Finally, in all situations in which effective interpersonal persuasion or interpersonal communication is paramount—in meetings, professional presentations, interviews, discussions with colleagues in which policy is being challenged, or in patient interactions—it is most important to remember to present yourself with poise, to remain calm, to be honest in your responses. In addition, confidence with a touch of “positive vulnerability” adds an empathetic note to interpersonal communication—and reflects a sensitivity that persuades and makes others feel at ease.

Ray H. Hull, holds dual certification in audiology and speech-language pathology and is a professor in the Department of Communicative Disorders and Sciences at Wichita State University. Contact him by e-mail at ray.hull@wichita.edu.

cite as: Hull, R. H. (2003, October 07). The Art of Interpersonal Persuasion. The ASHA Leader.

Interpersonal Persuasion: Additional Information

Rules for Conflict Resolution

  • Keep a sense of humor. Do not let the conflict become more serious than it deserves to be.
  • Shoot for a win-win resolution. The goal should be to reach a positive solution. Compromise is key.
  • Express your feelings. If you feel resentful, say it. Keeping it bottled up may result in an explosion of emotion.
  • Communicate clearly, directly, and openly. Do not expect others to read your mind. They may guess incorrectly.
  • Discuss and analyze only one point at a time. Stay on the subject.
  • Never take a cheap shot. No hitting below the belt, and absolutely no ridiculing.
  • Don’t make a big deal about a trivial issue. If you do, consider why and what it is you are really after.
  • If you are wrong, admit it. An apology may be all it takes to end a potential conflict.
  • Timing is everything.   Discuss a resolution at a time when everyone is emotionally ready for the discussion—not at 5 p.m. on Friday.
  • At some point, everyone fights dirty. Or, they may say things that they regret later. Forgive, forget, and get over it.

Tips for Effective Interpersonal Persuasion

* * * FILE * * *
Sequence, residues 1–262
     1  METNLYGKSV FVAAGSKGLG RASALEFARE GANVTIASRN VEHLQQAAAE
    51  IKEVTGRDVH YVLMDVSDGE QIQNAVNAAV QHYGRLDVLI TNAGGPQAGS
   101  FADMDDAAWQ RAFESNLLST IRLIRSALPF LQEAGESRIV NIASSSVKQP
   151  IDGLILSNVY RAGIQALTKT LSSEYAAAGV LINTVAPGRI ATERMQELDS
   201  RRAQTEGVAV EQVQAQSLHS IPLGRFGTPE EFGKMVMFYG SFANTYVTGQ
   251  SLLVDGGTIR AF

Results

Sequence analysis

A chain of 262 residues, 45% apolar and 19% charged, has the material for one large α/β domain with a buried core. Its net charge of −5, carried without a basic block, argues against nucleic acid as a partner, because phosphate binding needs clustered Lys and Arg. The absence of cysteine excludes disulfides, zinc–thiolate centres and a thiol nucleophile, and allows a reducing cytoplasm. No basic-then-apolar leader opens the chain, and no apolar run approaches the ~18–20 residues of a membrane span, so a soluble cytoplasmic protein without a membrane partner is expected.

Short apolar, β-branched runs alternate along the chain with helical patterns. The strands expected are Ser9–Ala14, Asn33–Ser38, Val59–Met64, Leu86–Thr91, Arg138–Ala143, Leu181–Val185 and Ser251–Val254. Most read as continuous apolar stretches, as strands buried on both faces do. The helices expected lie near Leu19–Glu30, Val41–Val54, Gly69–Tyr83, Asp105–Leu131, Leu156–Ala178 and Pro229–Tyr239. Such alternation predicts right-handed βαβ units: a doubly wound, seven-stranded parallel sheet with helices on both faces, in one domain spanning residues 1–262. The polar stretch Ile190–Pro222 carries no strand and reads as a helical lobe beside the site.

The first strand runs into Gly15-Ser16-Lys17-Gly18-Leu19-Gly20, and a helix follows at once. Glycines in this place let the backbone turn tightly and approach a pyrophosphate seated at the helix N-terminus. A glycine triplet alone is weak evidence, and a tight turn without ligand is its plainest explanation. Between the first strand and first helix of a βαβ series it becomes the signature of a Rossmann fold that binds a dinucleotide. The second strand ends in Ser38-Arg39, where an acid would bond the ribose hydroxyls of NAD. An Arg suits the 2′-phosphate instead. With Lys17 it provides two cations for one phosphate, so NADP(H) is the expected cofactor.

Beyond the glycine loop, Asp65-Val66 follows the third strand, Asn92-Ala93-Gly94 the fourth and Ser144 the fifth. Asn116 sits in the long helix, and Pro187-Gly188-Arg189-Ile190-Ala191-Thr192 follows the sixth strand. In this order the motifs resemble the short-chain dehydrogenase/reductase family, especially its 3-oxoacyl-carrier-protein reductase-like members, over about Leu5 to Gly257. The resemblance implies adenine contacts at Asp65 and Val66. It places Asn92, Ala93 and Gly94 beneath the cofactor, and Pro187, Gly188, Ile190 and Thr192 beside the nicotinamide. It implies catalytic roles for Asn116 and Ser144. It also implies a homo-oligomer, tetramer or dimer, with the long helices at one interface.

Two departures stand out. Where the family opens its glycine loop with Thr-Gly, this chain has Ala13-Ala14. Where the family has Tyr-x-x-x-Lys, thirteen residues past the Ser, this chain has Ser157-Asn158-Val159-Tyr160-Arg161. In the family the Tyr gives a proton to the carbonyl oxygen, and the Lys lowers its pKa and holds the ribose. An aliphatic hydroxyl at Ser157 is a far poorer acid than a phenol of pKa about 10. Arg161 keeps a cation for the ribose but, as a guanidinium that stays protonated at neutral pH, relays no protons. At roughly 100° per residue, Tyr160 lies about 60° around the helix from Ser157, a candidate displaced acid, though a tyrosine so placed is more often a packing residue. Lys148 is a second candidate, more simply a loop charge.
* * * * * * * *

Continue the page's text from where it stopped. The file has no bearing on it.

Be Well Prepared

  • Take time to consider various options and questions prior to the interaction so that you will not be caught off guard—consider, for example, the key question: What haven’t I asked or what haven’t I been asked?
  • Look for contradictions or gaps in logic during the discussion that may assist in clarifying or resolving issues.
  • Keep your responses to questions concise, and do not give more information than is requested.

Never Look Flustered—Even if You Don’t Know the Answer

  • Appear contemplative, but not puzzled when you are searching for an appropriate response.
  • There is no shame in saying, “I don’t know,” as long as it is not said frequently.
  • Consider saying, “That’s a very good question…let me think about it for a moment.”
  • If you are unsure of the meaning of a question, ask for a restatement in different terms.
  • Do not respond simultaneously to multiple questions contained in one comprehensive question. Separate them and respond to the parts about which you feel most comfortable.
  • If you cannot answer a question directly, or the question is too complex to answer succinctly, relate it to a similar issue that you feel more confident addressing.

Keep Your Cool

  • Never become emotional! Maintain an air of serenity.
  • Never get into a shouting match.

References

Reardon, K. K. (1991). Persuasion in practice. Newbury Park, CA: Sage Publications.

Vantage. (1998). On human communication. Wichita, KS: WSU Office of Human Resources.